Wow, I thought it was hard to upgrade a Mac Mini. That’s trivial compared to replacing the screen and the battery on my iPhone SE. What a chore! Screws the size of dust, delicate cables abound, pentalobe parts, and I need a suction cup? While Apple claims to be such an environmentally friendly company, they don’t seem to be encouraging device repairs. But since the company doesn’t have a 4″ phone, and I don’t want a larger one, I’m forced to fix this one.
Those kids that work in the kiosks at the mall, I have newfound respect of their abilities. I had no idea how difficult it would be to fix my iPhone SE. iFixit listed the screen repair as a 30 minutes to one hour job. Since this involved disconnecting the battery too, I figured it would take me about an hour to get everything done.
Two and a half hours later, I’m nervous, sweaty, frustrated, but I got the job done. So what went wrong?
Everything is so small, so super tiny small. It’s ridiculous. The videos show the process to take apart the iPhone SE. They assume you can handle the reverse — but the reverse is way harder. Those stupid screws kept jumping out of the holes. It would fall to the ground and now I’m trying to gauge the difference between what’s an iPhone part or just a spec of dirt. I don’t recommend doing this anywhere near a carpeted floor. Even on hardwood, I had trouble finding these tiny screws.
And yeah, I wasn’t super delicate — but I was trying to be. The part where you use the suction cup to pull the screen off, that’s where I ripped the home button cable clear off. I unintentionally skipped parts 7, 9, 10, 11, and 12. Surprisingly, the cable was still intact and it worked.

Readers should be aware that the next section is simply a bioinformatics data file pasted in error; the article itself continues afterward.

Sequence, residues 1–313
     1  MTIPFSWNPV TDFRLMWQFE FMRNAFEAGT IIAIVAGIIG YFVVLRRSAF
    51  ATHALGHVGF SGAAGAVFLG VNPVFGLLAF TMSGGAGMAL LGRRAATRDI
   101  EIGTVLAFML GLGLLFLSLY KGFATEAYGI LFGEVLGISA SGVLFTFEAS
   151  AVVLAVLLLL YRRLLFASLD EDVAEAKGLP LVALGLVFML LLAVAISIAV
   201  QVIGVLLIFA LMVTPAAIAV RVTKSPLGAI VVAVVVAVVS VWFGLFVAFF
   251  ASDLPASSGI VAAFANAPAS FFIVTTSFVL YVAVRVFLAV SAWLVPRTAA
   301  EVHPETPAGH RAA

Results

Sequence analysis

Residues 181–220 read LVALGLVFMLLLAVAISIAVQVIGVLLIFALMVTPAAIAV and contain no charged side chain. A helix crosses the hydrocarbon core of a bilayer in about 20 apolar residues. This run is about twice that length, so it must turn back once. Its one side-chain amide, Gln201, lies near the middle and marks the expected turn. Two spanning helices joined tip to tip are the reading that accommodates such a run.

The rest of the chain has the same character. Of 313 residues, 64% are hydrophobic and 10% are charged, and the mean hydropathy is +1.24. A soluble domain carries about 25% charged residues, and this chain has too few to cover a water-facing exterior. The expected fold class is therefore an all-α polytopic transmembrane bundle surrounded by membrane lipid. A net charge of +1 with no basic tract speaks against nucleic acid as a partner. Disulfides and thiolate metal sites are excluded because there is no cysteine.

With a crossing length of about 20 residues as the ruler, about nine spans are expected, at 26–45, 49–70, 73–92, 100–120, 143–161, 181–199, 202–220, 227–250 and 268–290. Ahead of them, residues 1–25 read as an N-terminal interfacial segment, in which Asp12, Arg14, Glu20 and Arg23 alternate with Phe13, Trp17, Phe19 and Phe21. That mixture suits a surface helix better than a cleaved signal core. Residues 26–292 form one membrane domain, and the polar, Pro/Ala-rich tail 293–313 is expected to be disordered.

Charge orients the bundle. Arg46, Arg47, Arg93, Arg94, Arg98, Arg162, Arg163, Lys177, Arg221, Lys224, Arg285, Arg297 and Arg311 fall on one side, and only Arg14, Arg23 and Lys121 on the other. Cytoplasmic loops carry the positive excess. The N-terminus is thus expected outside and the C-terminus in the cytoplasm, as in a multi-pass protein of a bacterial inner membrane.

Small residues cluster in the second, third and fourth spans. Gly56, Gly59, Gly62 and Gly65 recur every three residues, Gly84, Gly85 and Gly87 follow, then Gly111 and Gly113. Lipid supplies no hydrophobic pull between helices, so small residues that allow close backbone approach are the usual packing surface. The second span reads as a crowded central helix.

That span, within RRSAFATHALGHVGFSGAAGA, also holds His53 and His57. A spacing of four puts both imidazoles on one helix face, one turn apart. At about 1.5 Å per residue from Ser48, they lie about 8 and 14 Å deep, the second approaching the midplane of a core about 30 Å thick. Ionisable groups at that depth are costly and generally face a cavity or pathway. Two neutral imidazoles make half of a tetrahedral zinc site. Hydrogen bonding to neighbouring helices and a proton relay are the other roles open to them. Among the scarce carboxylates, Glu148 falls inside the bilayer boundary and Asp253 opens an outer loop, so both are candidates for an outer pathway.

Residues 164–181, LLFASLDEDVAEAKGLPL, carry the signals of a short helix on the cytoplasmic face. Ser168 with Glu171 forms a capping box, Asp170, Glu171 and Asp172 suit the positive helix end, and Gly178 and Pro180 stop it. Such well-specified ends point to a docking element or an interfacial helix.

The worst part was trying to put the cables back on. You don’t want to push too hard, or that might damage the board. And yet, the pins would just not align. When I eventually did hear that snap, it was a sense of dread. Did it work or did I just break it?
I was impressed with the iFixit kit. The tools and parts were great. I could have gotten cheaper parts elsewhere, but I like their mission. The “Right to Repair” should be an actual right. I like Apple. I think they’re a good company. But when it comes to fixing iPhones and making iPhones last, there’s definitely room for improvement.
A removable battery would have made short work of this task. Pentalobe screws are another absurdity. Although, I’m not sure if I have a regular screwdriver that’s small enough for these parts anyway.
I understand that Apple is in the business of selling iPhones. So, why don’t they make a normal sized phone? Lots of people like the original iPhone SE size. I’m not liking what I’m seeing from Apple. The 2020 iPhone SE is… meh… it’s basically an iPhone 8. The newer phones are way too expensive — and I hate the notch.
I’m glad I fixed my phone. I saved about $100 doing the job myself. There really wasn’t much of a choice. Almost everything is closed in NYC. But now, I’ll have to seriously consider what my next phone will be. Perhaps I’ll just use an iPod Touch to send text messages and make phone calls. Maybe I’ll switch to a phone made in the USA.
One thing is for sure, I let the corona virus mania get to me. I was a little overzealous with cleaning and disinfecting my phone. (That’s life in NYC.) The device sustained significant water damage. I could even see scorch marks on the connector. Leaving the phone in a bucket of rice for 48 hours was not going to fix it. On a larger scale, the world is in the same battle. In trying to prevent one big problem — as the corona virus is deadly — are we causing other problems? Of course we are, but there isn’t much of an alternative.
Looking back, no regrets! Now I know to be more careful with cleaning my phone. Now I know how to fix my phone. Now I have the tools to fix other phones. Having been to the emergency room already this year, better a broken phone than a broken body.
Yet, we the people must stay vigilant against any encroachment of our inalienable rights. Freedom to peacefully assemble is declared in the first amendment. Looks like social gathering is done online these days. It’s quite the ethical dilemma. But this debate isn’t philosophical. We’re struggling with this issue every day, with our liberty, livelihoods and lives on the line.
Stay safe and smart out there friends!